text and photo by Grigoris A. Miliaresis
Anyone who will walk the extra mile while wandering behind Sensoji, Tokyo’s most famous Buddhist temple, will see him in a place between a tourist bus parking lot and a hospital: perched on his stone dais, actor Ichikawa Danjuro IX, frozen in what is probably kabuki’s most characteristic scene and with his eyes glaring in the “mie” grimace that is a basic element of his peculiar art, is staring across Asakusa, the area of which he was the undisputed ruler from the end of the Edo period until almost the end of the Meiji period; while he managed to see Japan’s passage from feudalism to modern times, his statue was the permanent background for all the drama of the 20th century: from the big earthquake of 1923 to the bombings of 1944, to the rebirth of the 1950s and to the construction of the world’s biggest and most state-of-the-art tower in the other side of the river.
Even though I was born and raised in a country where the bonds with the past border on the obsessive, I can’t begin to contemplate how present day kabuki star, 35 year old Ichikawa Ebizo XI might feel every time he passes in front of this statue of his theatrical great-great-grandfather, the man that gave an almost superhuman aura to the stage name that his father has today and that he is going to inherit in the next few years. Maybe he doesn’t feel anything since the elements of the art created by Danjuro IX, by the previous eight actors that preceded him since 1675, when this “dynasty” started, and by the other three that followed him, are present in the roles and the plays that Ebizo brings to life every time he goes on stage. There are no directors in kabuki; the plays pass from the playwrights to the actors and from them to the audience, which means that the actor is more than a performer: he is a creator.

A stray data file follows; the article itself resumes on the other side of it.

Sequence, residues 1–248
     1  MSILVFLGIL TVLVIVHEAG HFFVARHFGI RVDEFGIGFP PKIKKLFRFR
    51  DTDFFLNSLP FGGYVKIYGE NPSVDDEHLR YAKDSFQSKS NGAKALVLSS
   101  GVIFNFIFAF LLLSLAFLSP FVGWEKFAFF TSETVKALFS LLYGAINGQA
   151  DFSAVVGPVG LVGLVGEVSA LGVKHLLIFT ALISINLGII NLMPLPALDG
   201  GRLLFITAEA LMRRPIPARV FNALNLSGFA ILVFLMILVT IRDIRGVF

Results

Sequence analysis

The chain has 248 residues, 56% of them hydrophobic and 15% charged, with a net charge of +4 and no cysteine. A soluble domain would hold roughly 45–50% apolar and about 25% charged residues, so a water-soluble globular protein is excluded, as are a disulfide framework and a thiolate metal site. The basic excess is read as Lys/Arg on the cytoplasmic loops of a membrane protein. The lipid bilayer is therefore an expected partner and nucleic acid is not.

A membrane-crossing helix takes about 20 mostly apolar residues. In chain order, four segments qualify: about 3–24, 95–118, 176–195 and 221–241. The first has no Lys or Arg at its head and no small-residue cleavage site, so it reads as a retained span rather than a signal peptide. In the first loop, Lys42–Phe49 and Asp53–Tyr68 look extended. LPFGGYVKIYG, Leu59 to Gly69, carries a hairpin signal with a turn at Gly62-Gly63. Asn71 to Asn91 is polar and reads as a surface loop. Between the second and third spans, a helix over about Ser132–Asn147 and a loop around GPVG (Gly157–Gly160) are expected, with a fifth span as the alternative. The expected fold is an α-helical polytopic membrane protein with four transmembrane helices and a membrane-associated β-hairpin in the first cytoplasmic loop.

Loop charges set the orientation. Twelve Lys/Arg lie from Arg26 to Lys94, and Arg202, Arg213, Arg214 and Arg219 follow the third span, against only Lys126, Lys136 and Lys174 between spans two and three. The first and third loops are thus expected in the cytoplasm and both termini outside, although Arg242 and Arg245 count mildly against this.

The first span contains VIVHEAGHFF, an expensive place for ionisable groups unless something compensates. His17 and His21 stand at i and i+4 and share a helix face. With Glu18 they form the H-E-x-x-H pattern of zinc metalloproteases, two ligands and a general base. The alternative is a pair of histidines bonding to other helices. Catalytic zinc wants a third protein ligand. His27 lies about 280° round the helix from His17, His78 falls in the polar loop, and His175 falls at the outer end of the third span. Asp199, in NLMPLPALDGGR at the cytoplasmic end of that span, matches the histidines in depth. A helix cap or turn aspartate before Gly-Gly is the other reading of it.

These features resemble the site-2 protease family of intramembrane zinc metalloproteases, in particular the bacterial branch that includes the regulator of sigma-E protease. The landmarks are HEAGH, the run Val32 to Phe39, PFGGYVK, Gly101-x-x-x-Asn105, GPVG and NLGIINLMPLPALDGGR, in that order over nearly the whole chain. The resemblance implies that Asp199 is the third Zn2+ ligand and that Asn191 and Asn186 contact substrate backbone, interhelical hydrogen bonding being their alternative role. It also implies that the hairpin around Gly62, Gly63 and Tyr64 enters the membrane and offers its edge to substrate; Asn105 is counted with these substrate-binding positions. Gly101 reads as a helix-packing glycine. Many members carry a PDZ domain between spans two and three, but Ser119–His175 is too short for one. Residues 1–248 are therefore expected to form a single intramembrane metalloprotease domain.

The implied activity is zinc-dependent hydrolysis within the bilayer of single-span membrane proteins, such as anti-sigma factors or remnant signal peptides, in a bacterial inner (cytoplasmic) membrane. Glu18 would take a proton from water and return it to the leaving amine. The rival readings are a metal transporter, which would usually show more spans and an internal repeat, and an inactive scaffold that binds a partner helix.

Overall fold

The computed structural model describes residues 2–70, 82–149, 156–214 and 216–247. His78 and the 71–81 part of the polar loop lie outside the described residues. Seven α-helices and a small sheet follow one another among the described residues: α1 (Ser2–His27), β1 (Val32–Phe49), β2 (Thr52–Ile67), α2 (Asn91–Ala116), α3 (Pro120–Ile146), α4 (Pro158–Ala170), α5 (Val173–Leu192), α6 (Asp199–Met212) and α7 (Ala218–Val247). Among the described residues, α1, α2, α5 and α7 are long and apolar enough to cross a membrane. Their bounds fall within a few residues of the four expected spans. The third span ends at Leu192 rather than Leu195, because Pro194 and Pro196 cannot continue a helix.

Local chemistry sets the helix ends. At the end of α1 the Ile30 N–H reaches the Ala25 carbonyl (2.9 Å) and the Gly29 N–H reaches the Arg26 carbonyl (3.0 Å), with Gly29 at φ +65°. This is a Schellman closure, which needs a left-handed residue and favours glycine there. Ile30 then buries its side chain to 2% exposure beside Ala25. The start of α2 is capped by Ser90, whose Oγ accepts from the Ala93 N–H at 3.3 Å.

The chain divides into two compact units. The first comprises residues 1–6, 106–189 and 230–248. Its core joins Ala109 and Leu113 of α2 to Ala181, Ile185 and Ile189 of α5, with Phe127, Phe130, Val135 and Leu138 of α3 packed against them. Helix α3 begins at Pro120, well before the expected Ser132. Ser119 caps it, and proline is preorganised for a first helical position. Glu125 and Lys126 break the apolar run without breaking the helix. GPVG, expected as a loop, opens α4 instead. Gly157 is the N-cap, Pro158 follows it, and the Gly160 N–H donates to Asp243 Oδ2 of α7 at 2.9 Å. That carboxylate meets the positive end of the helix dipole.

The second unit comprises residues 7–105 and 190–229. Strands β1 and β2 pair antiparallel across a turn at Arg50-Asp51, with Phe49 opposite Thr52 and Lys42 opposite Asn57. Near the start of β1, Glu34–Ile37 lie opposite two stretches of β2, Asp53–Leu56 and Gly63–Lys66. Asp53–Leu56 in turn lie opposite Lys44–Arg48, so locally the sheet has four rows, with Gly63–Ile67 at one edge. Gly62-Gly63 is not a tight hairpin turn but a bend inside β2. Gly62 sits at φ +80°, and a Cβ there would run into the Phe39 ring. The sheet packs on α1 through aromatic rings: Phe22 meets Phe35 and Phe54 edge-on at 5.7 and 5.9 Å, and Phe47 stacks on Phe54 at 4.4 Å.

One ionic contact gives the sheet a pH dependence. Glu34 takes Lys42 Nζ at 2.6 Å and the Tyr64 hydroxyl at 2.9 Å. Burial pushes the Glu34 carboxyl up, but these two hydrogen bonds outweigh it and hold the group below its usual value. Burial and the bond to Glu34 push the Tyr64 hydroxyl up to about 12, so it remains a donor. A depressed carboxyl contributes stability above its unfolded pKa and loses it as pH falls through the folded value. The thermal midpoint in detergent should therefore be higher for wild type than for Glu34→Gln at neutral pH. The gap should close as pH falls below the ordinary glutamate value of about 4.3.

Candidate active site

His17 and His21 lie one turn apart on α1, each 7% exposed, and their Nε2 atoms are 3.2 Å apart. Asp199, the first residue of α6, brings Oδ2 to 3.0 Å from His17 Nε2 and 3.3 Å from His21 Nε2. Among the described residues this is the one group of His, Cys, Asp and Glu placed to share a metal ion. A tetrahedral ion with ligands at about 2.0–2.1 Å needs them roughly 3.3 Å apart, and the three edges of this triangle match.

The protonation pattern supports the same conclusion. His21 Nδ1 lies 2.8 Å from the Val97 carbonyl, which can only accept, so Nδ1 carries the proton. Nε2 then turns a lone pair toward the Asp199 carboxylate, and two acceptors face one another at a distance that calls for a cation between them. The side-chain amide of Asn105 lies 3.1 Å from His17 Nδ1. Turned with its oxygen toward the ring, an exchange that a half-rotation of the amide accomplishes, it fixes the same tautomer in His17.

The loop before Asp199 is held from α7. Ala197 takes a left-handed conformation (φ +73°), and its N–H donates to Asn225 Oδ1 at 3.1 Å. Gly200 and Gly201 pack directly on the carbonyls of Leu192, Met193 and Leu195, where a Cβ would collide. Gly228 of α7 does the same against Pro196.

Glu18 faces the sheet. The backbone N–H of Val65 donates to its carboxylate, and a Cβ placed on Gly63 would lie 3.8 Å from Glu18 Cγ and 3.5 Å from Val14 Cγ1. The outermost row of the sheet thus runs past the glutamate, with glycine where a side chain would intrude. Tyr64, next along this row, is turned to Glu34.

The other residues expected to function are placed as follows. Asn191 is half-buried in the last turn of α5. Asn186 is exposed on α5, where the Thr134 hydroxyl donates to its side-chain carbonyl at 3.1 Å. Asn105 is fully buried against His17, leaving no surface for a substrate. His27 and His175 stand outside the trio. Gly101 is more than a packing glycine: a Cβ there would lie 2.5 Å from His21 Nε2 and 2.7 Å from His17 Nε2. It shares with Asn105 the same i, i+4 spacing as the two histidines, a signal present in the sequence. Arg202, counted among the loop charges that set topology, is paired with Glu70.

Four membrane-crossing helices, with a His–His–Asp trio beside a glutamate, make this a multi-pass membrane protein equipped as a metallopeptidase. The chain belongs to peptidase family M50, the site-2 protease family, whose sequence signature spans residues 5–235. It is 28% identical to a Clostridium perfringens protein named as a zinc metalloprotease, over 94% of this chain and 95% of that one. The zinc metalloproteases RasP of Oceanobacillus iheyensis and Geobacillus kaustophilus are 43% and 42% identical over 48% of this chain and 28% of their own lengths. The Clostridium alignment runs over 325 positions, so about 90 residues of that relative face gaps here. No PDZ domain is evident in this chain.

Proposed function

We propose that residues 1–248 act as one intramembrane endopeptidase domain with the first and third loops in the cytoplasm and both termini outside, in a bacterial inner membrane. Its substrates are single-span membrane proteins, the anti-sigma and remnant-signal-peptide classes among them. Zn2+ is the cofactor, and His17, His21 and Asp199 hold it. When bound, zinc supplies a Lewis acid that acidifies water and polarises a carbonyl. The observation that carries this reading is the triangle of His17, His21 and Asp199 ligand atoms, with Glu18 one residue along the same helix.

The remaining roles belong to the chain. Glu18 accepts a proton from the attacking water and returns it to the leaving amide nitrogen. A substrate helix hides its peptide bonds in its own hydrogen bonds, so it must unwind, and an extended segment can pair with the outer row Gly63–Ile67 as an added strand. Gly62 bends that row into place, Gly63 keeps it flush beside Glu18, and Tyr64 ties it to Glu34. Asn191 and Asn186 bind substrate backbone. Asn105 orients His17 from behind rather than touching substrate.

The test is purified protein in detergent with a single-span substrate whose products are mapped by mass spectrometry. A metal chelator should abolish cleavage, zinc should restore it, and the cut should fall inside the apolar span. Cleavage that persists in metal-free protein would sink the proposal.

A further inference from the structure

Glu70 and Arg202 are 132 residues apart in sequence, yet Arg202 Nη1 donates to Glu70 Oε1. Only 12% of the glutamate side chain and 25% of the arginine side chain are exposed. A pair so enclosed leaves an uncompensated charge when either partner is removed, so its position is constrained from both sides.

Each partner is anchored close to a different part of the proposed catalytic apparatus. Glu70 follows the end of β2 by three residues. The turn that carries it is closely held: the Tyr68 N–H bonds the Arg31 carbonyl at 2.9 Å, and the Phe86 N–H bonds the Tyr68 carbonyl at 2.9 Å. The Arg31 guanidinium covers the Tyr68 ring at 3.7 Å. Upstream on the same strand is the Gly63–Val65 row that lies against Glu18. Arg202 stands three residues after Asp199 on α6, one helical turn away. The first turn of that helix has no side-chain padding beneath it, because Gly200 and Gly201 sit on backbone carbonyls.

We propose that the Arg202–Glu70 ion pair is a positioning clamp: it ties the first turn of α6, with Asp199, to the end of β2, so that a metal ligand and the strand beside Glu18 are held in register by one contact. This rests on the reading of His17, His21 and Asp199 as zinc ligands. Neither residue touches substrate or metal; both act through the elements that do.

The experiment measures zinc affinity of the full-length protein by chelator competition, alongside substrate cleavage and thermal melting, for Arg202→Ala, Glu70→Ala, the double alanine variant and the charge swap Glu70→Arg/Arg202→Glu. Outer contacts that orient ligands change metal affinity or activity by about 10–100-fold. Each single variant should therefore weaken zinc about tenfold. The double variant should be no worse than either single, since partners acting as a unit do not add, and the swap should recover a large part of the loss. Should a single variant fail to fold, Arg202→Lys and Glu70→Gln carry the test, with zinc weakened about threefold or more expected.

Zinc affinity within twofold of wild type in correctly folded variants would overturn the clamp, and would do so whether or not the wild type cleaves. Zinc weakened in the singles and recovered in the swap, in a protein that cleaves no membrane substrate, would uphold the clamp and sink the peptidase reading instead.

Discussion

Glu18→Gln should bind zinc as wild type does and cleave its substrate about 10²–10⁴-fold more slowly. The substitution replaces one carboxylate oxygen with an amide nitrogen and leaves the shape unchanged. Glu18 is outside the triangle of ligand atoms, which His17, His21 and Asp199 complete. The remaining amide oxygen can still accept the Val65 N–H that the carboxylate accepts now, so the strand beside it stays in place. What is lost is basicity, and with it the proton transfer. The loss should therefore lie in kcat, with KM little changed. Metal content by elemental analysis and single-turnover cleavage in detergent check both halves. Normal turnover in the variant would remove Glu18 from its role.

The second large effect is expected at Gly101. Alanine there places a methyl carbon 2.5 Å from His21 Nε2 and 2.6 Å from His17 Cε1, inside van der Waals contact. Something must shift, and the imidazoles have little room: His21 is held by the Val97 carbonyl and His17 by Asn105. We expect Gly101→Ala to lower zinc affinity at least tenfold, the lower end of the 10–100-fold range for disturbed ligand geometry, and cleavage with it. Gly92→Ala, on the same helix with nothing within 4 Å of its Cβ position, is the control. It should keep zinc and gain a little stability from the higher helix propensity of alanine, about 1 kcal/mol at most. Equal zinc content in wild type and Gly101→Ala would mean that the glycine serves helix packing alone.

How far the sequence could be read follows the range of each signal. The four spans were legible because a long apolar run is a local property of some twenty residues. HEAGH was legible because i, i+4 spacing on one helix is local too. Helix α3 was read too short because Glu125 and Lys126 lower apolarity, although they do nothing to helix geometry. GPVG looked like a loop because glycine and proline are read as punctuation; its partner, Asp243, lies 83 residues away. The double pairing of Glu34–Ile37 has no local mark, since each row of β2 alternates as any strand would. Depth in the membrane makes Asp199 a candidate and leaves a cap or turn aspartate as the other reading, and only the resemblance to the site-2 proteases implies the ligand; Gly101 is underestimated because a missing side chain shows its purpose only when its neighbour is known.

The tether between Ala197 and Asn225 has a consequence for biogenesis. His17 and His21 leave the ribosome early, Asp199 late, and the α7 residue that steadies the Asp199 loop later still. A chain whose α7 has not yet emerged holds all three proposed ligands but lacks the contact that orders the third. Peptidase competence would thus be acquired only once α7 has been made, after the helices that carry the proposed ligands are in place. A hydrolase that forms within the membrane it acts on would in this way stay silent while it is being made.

Actors’ statues can be found everywhere; all cultures believe that they must honor the people who formulate them –and rightly so. But Danjuro’s statue is more than a portrayal of an important person so that his significance won’t be forgotten. By choosing this man, in this role, in this pose and by putting it in this area, the people who made this statue, created a monument not just of kabuki but of the most essential elements of Japanese tradition. That this monument is not in a prominent spot, e.g. in front of Tokyo’s National Theater but in a street that leads to the geisha quarter, is what gives this whole thing a delightfully Japanese tint.
Grigoris A. Miliaresis is a journalist and translator. He has worked for many newspapers, magazines and publishing houses and specializes in the Internet, the martial arts and Japan where he has been living for the last few years. For more information about his work and his writing, visit http://about.me/GrigorisMiliaresis and http://www.japanarekore.gr/